Scientists Discover Atomic-Forged Glass on Hiroshima's Beaches

Hiroshima's beaches are covered in nuclear fallout debris.
May 13, 2019, 5:28pm
Hiroshimaites. ​Image: UC Berkeley
Hiroshimaites. Image: UC Berkeley

Tiny aerodynamic glass particles found on the beaches of Hiroshima were likely formed in the fires of an atomic blast, says a new study.

According to the study, published in Anthropocene on Monday, the particles could only have been forged in extreme heats above 3,300 degrees Fahrenheit. "Little Boy"—the Bomb America dropped on Hiroshima on August 6, 1945—vaporized the city, unleashed a fireball that reached 17 million degrees Fahrenheit.


Retired geologist Mario Wannier was sifting through the sand on a beach on Japan's Motoujina Peninsula when he noticed the strange glass. Wannier's trained eye can identify various minerals in a bucket of sand at sight—but the small glass beads he found puzzled him. "They are generally aerodynamic, glassy, rounded—these particles immediately reminded me of some [rounded] particles I had seen in sediment samples from the Cretaceous-Tertiary boundary," Wannier said in an interview with UC Berkeley.

Wannier and a team of researchers from UC Berkeley studied the glass and discovered that the silicon forming the glass was full of odd materials not normally seen in sediment. Some samples were mostly made up of just oxygen and carbon, but others provided a wide variety of different materials, including aluminum, calcium, silicon, chromium rich in iron, and crystalline structures.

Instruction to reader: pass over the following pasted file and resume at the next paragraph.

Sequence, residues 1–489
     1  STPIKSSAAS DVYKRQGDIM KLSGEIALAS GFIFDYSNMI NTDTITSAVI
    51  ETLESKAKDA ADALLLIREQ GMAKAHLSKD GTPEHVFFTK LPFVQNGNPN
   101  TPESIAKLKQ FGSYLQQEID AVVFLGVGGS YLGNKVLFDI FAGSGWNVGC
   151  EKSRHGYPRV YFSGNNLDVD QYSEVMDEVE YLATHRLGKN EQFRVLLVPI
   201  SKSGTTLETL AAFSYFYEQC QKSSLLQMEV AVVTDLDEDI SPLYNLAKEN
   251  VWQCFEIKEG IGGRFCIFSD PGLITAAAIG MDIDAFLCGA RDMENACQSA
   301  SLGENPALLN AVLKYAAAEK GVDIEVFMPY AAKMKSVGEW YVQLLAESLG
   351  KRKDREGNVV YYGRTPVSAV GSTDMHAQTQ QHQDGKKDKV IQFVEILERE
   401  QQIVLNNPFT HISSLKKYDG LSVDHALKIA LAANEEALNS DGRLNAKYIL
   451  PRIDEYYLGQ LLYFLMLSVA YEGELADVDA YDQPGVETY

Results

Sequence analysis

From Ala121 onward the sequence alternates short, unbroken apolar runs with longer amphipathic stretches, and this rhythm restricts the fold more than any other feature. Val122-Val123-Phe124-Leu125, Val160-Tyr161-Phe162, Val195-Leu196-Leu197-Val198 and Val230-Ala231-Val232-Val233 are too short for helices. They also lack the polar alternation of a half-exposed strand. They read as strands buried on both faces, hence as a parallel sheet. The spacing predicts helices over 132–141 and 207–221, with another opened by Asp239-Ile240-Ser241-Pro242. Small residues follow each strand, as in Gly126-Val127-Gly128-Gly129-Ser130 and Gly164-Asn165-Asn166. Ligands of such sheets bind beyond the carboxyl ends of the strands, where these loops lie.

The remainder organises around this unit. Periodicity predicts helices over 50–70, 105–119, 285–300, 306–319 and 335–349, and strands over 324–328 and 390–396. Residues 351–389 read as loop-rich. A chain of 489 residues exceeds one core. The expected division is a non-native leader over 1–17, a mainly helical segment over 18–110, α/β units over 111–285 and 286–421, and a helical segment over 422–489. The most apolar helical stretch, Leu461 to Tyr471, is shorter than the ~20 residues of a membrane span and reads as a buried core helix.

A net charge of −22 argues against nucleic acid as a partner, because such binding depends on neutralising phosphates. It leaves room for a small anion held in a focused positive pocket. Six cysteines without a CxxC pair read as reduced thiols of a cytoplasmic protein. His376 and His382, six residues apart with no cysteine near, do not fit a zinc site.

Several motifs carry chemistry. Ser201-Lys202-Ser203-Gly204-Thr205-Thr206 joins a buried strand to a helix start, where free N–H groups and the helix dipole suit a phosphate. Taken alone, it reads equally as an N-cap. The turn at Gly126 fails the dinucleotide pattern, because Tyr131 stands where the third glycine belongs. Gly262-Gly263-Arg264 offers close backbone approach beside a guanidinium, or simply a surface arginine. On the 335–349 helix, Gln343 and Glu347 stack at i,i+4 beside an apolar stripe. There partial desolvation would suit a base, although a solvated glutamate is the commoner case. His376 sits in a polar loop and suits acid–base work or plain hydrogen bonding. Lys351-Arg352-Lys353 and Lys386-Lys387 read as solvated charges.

Even stranger was the presence of anorthite and mullite crystals, rare earth minerals usually seen around meteorite impact sites and volcanoes. Anorthite is typically formed from cooling lava, and mullite is created when silicon is blasted with heavy heat. Such minerals, it seems, only occur in the event of catastrophic destruction.

Hiroshima's atomic blast created the perfect conditions to create these strange minerals. Many of the materials found in the minerals—rubber, stainless steel, concrete, and marble—were common in Hiroshima at the time of the bombing.

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Researchers theorized that the physical matter of the city surged into the air, formed with particles from the ground at a high elevation, and rained down as glass. Cooling in the descent, these minerals formed the aerodynamic shapes of the "Hiroshimaites"—rare minerals unique to the beaches of Japan. They occur nowhere else on the planet.

"You have a city, and a minute later you have no city. There was the question of: 'Where is the city—where is the material?' It is a trove to have discovered these particles. It is an incredible story." Wannier said.